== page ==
The Incomparable Christ
Please turn with me in your Bibles to Colossians, chapter 1, we will continue the study we began last week. You remember we said as we looked at the first two verses that in this great letter, the Apostle Paul is battling a false teaching. A heresy amongst the church at Colossae. This false teaching does not reject Christ outright, it claims to introduce these Christians to something in addition to what they had heard from Epaphras originally. It claims to introduce these Christians to a deeper knowledge of God, a deeper experience of God, a higher life. It claims to do it in a variety of ways, keeping certain ritual rules, believing certain mystical things. It intends to supplement the teaching which Epaphras had originally brought to the congregation. We said it actually mixed elements of Judaism as well as great paganism and mixed it with the original preaching which the Colossians had heard. It claimed to give them something more, something deeper, something that they had not heard of to supplement their incomplete teaching. It didn't outrightly deny that teaching, it just said you need more. You need Christ plus these things.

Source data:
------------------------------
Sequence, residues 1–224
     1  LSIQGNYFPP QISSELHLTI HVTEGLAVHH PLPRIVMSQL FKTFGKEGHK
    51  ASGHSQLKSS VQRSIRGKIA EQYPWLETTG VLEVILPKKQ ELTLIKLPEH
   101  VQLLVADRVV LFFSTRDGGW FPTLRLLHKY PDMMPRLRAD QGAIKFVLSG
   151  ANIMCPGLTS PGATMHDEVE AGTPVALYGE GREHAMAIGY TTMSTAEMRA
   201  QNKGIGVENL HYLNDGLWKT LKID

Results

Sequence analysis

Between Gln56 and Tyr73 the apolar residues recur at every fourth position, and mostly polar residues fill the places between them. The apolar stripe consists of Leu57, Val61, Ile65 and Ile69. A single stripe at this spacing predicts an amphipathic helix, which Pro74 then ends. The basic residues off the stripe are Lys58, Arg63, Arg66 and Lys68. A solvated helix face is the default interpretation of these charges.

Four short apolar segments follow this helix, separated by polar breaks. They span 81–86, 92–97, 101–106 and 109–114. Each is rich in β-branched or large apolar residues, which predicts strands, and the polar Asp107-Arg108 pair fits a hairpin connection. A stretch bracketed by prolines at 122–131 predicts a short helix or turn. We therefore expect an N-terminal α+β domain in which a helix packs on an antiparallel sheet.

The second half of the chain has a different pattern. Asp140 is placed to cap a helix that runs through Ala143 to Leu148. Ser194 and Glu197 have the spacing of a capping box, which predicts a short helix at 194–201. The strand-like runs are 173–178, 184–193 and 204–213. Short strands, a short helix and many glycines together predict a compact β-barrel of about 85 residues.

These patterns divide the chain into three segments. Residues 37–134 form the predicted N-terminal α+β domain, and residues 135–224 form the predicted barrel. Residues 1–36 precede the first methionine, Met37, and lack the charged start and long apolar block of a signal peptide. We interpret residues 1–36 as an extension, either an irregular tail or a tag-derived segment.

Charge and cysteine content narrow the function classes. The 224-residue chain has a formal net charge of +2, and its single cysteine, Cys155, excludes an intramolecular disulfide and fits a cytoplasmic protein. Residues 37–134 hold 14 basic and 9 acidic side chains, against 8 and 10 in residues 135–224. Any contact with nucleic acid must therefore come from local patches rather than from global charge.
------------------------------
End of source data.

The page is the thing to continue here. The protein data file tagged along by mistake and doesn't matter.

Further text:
Now in response we saw last week that the Apostle Paul had made the antidote to this particular teaching an unfolding of the implications of Christ's preeminence. Paul directs us to the sole sufficiency of Christ in his person and in his saving work. In fact we had said that the message of Colossians is that believers are complete in Christ and that faith in him necessarily rules out their dependence on any resource outside of him. For in him we have our all in all. In that context, we come to verses 3 through 8 which we are going to concentrate on today. But let's read, beginning from verse 1. Hear the word of God.